This is the time-lapse video created with GlueMotion, adding music and credits afterward via DaVinci Resolve. The music is from my band The Mercury Seven. The second half of the video are cumulative star trails created by StarStax.

In search of a new time-lapse app

I began looking around for another time-lapse creator. GlueMotion (for macOS) caught my eye. This appealing-looking app had a deflickering feature and control over the frames per second. That sounded exactly like what I was looking for, all in an easy-to-use interface.

I downloaded the demo, and it worked really beautifully. The interface was intuitive, all but walking you through the process. I decided to purchase it from the Mac App Store for $17.99

Very quickly, I had a finished time-lapse video. After two hours of struggling with my previous software, I had created a video in less than three minutes. Here’s how it works.

Step 1: Load the files

GlueMotion will prompt you to browse the files you want to load. It loads by folder, not individual files. If you have other folders contained within that folder, it will not load them or any of their contents. However, you can load this afterward if you wish.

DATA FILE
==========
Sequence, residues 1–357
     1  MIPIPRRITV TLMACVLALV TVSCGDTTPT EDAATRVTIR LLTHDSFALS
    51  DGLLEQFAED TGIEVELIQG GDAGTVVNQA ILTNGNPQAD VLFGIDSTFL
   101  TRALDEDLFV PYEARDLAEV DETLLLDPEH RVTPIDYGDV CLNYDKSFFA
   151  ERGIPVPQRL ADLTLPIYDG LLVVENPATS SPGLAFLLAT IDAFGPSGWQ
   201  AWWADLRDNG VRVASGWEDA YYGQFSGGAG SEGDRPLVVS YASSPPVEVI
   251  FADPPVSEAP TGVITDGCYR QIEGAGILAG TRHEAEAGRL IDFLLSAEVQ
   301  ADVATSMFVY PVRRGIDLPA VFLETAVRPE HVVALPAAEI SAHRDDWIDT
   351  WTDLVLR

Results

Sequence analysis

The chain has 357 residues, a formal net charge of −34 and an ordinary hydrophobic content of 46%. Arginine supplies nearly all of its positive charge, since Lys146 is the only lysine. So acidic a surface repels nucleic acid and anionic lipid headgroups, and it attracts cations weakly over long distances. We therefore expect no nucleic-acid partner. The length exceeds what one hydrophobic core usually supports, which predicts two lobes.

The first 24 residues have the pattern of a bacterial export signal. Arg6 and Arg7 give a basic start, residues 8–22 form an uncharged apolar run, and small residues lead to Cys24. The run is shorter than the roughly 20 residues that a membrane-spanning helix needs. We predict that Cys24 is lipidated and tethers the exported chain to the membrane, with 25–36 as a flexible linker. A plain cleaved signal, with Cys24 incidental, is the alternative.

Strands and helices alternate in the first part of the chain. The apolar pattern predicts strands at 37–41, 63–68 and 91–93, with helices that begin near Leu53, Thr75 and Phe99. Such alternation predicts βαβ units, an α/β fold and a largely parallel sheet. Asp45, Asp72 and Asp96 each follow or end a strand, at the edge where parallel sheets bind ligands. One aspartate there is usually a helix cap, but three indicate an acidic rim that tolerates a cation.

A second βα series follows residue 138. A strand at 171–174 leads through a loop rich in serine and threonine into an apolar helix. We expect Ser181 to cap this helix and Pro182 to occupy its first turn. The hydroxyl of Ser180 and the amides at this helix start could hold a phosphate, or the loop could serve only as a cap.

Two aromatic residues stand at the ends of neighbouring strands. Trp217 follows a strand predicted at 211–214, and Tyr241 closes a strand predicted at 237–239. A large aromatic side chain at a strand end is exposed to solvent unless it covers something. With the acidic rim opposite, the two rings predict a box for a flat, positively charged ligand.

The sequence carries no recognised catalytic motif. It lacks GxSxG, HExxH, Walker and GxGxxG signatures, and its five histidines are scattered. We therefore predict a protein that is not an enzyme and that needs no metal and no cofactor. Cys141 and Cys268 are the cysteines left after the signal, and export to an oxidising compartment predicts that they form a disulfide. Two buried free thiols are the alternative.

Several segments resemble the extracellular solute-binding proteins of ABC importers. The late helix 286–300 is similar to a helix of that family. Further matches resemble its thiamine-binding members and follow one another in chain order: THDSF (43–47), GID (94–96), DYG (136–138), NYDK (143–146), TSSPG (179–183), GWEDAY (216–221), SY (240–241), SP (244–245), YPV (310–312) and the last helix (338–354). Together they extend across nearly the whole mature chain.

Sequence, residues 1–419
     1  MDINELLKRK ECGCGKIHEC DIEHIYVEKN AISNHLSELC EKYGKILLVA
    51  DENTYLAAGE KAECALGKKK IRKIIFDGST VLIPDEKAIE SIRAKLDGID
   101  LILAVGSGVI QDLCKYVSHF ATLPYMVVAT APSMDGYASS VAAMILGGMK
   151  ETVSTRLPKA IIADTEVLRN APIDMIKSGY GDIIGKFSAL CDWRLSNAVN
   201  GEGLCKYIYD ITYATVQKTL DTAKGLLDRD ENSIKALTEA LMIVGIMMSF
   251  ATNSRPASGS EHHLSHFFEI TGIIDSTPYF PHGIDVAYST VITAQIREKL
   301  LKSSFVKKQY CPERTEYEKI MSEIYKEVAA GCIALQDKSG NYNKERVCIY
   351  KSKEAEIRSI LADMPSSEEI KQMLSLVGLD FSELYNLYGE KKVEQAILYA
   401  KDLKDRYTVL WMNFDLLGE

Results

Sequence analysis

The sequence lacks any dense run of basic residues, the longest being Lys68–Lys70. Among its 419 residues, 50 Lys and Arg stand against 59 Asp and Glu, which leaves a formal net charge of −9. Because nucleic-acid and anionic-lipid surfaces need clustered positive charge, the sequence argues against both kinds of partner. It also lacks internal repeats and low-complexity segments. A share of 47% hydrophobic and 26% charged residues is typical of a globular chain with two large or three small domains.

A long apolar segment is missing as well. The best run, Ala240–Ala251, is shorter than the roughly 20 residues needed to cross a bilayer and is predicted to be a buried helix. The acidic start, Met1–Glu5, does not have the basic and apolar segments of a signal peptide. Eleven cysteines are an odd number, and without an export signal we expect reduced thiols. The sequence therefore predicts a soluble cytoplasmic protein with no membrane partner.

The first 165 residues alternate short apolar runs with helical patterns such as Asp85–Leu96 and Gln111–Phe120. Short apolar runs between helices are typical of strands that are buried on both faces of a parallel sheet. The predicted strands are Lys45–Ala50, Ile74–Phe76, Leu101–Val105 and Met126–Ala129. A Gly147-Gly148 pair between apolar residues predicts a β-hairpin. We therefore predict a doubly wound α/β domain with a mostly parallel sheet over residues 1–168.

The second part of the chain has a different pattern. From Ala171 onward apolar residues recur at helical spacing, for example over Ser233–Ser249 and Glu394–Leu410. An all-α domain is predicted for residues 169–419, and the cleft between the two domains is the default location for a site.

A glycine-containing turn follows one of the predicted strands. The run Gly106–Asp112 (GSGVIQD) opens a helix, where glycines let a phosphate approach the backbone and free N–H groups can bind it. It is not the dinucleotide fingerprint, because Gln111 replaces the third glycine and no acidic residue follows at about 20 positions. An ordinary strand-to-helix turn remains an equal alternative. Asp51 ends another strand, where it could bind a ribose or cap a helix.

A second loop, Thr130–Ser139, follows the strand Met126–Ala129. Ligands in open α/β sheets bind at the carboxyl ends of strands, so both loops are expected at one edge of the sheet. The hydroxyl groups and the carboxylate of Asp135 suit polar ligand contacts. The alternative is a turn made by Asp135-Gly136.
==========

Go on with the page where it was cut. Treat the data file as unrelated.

GlueMotion supports PNG, JPEG, TIFF and RAW files. For this example, I used full-sized JPEG files encoded at the highest resolution, thinking this would be more than enough resolution for a video that would ultimately be seen on YouTube.

Step 2: Frame editing

Here, you are simply specifying the crop, scale, rotation and more. It also offers some basic editing adjustments, such as saturation, exposure and brightness.

Step 3: Deflickering

When making a time-lapse, there may be some flickering from frame to frame due to minute changes in brightness. This can create unwanted flashing, or flickering. GlueMotion allows you to remove this effect with two modes.

Uniform mode

If your time-lapse gradually changes brightness as the images progress, look no further. Uniform mode is for you. For example, with photos taken in succession, the sky grows gradually darker. In this scenario, uniform mode would be the best mode.

Experimental mode

Use this for basically everything else. This might be when the light or exposure keeps randomly changing. I did not use this mode, so I cannot tell you if it works or not.

Step 4: Encoding settings

You may choose from a variety of settings to export your video, including pixel size.

GlueMotion can export either a QuickTime Movie (MOV) or MPEG-4 (MP4, M4V). You can also choose the video codecs: HEVC, H264, JPEG, Apple Pro Res 422 and Apple Pro Res 4444. I wanted a reasonably high resolution, so I chose MOV and Apple Pro Res 422.

The frames per second (FPS) default to 24. I kept it there.

The original time-lapse video as originally created by GlueMotion.